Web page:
Book Review Time
DOWNTOWN LOS ANGELES — Saturday I picked up two books with information on Downtown: BlackBook List Los Angeles 2005 and Downtown Los Angeles: A Walking Guide (second item on the page). Obviously I haven't yet gotten into them in a lot of depth, but I figured I would drop reviews of my first impressions. One line BlackBook List summary: Great info, but I wish it had more on things like hours. One line Walking Guide summary: Good stuff, but a little outdated now.
The BlackBook List is a small guide to restaurants, bars, clubs, etc. It's got short two to three sentence attitude-filled reviews of places all over LA. For instance, the review of Weiland Brewery in Little Tokyo:
Weiland Brewery 400 E. 1st St. (Alameda) (213) 680-2881 Frequent this brewery from 1898, which closed only during that nasty prohibition business, if you like to drink near the source. Original brick structure houses a high-beamed ceiling, eclectic jukebox and muscular selection of beers. Don't ask for an O'Doul's unless you want to get your mouth washed out with hops.
All in all it's good stuff, and has a fair share of places I wasn't familiar with. Like I mentioned in the short summary, I wish it had more info on hours, etc, but I understand that the small format doesn't really allow that.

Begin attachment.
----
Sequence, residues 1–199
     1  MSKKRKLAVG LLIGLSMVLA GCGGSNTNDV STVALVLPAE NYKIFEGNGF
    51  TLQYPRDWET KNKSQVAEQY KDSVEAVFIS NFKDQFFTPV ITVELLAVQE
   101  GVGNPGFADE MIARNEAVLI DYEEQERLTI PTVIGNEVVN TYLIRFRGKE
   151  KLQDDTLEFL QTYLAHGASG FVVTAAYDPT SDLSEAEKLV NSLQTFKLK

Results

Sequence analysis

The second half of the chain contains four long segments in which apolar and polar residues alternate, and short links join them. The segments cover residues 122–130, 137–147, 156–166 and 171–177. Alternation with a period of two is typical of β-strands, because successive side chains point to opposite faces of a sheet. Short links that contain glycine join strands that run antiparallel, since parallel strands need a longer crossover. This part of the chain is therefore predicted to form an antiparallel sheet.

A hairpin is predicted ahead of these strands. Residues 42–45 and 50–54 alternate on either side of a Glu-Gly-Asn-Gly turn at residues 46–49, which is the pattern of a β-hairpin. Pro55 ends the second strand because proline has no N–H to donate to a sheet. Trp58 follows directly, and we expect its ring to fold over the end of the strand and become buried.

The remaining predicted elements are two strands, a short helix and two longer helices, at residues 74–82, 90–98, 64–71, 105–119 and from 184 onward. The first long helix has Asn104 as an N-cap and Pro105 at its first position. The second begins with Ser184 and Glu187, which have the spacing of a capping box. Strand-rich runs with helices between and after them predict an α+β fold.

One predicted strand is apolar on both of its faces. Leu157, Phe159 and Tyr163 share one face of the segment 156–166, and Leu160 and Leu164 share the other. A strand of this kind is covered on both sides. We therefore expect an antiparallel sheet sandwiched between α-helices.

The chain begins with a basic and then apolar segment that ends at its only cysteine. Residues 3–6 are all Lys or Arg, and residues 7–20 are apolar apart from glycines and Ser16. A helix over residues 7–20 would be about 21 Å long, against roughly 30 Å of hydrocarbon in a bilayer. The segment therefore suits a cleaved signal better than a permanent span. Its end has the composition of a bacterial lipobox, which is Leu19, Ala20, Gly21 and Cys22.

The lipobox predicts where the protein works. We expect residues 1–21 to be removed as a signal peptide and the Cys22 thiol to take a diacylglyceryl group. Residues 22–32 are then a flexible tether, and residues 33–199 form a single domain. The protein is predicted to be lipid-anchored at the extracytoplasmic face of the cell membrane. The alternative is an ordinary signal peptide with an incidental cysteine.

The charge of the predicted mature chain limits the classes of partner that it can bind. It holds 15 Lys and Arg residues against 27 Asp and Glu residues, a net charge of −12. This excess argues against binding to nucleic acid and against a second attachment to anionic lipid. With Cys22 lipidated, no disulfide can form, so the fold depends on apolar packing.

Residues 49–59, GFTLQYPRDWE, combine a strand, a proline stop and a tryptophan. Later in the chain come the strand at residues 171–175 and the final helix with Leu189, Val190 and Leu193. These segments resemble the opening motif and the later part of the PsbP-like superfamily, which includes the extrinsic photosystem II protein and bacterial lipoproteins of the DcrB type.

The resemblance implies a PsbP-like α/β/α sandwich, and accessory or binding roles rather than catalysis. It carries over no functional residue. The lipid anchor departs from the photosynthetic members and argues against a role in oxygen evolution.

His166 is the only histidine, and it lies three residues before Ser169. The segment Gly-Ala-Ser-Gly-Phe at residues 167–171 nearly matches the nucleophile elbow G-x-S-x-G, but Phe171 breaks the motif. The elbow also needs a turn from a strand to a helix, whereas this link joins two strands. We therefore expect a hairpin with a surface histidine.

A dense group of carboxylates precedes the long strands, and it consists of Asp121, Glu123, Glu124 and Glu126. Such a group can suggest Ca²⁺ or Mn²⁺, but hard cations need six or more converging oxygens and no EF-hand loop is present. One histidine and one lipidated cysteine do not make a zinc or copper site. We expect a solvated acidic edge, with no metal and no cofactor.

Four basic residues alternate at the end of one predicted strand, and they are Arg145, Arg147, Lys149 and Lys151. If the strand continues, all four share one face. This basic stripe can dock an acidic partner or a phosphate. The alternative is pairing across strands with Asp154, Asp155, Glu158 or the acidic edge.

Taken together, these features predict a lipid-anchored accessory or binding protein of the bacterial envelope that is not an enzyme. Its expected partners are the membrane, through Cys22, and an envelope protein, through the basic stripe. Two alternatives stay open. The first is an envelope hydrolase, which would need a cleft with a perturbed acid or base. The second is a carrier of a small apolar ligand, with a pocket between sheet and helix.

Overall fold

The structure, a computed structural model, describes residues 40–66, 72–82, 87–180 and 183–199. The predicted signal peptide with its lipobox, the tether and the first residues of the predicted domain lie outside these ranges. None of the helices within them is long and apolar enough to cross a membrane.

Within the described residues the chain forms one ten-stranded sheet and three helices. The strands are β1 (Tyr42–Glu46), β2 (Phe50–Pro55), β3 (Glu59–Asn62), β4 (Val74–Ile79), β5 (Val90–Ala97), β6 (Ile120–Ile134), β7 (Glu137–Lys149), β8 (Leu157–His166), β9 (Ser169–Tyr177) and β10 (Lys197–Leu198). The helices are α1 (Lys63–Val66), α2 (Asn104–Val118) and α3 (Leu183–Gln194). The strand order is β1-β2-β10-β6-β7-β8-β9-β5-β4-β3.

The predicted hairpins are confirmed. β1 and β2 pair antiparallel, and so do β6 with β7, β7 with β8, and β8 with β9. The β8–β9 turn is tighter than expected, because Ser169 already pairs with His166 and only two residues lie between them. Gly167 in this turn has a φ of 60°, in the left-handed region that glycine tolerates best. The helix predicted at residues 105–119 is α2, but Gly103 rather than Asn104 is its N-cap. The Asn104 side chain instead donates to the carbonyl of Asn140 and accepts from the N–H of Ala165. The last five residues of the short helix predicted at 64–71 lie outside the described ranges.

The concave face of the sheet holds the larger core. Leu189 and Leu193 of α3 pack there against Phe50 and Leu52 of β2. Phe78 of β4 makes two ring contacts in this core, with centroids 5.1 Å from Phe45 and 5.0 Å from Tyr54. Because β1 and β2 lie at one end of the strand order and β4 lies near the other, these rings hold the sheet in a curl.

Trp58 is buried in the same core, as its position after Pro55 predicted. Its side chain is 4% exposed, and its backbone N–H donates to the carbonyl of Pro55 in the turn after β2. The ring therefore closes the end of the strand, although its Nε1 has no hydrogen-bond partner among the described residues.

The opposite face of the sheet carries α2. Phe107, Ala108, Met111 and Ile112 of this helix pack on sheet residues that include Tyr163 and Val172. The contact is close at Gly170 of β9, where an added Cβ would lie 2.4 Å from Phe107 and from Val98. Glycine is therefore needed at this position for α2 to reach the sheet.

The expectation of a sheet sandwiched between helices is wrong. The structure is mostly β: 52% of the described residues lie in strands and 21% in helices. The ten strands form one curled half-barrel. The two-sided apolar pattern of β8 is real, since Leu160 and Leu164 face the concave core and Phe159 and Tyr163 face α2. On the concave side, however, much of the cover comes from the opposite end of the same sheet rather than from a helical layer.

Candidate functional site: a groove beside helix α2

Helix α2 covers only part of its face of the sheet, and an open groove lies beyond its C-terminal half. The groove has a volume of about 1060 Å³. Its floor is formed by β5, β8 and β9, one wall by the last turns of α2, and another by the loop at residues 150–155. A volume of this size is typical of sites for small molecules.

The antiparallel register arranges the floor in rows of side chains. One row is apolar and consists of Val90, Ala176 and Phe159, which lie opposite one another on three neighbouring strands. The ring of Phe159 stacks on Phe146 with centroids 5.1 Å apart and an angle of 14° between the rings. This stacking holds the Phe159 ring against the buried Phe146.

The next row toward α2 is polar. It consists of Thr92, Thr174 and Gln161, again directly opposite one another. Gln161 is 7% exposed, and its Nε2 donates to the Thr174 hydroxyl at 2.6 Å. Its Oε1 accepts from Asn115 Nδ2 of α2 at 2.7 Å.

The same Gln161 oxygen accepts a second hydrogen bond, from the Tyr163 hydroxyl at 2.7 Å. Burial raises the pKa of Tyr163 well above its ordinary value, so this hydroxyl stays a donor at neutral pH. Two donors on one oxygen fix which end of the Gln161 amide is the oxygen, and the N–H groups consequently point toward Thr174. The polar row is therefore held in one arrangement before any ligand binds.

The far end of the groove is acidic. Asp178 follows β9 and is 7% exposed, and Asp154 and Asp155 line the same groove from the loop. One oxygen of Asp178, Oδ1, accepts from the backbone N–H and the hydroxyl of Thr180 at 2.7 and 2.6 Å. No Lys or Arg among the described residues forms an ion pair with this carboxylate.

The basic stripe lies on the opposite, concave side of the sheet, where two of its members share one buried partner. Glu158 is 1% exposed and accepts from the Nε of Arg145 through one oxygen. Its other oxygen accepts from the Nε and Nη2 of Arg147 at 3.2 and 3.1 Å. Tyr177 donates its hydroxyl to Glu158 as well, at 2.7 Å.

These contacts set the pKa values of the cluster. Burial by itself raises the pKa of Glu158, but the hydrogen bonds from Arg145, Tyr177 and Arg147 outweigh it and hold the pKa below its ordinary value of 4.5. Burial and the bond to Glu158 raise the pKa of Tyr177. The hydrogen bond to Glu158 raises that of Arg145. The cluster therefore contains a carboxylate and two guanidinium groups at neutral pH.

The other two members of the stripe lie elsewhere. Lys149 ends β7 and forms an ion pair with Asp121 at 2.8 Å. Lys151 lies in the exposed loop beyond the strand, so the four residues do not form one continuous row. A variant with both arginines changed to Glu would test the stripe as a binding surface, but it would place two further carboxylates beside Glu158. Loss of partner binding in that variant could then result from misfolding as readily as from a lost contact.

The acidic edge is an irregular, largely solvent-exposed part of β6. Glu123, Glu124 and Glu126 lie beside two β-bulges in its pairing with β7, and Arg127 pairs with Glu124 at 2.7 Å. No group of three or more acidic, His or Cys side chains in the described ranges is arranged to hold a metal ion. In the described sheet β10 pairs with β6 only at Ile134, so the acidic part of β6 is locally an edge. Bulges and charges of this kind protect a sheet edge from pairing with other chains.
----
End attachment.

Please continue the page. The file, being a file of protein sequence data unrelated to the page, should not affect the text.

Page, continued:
My parents tried to order me Downtown Los Angeles: A Walking Guide for Christmas, but it didn't ship in time so they tasked me with buying it once I got back out here. I finally got a chance to pick it up Saturday. The fourth edition has a copyright date in 2004, but some of the information doesn't seem like it's been updated that recently. For instance we read that "A major private investor in the Historic Core is Ira E. Yellin," but sadly Yellin died in 2002. Information on the Historic Core's residential boom is also lacking: the book mentions only Grand Central Square Apartments, Angelus Plaza, and Tom Gilmore's Old Bank District. Mentioned redevelopment plans seem a bit off the radar these days:
Downtown's separate parts must be joined back into a whole. Walkways should connect formerly separate districts. Electric trolley "circulator" buses would sail up and down Broadway. The rebuilt Angel's Flight would be joined by one or two other "flights."
Electric trolley buses and more funiculars are not things I expect to see built any time soon.
Occassional information is just plain wrong. The map on page 24 has Spring Street a one-way going north (it actually goes south), while Hill Street is a one-way going south (it's actually a two-way street).
But as long as you don't rely on the details too heavily, the book seems good. Just double-check things before you get too attached to what it's saying.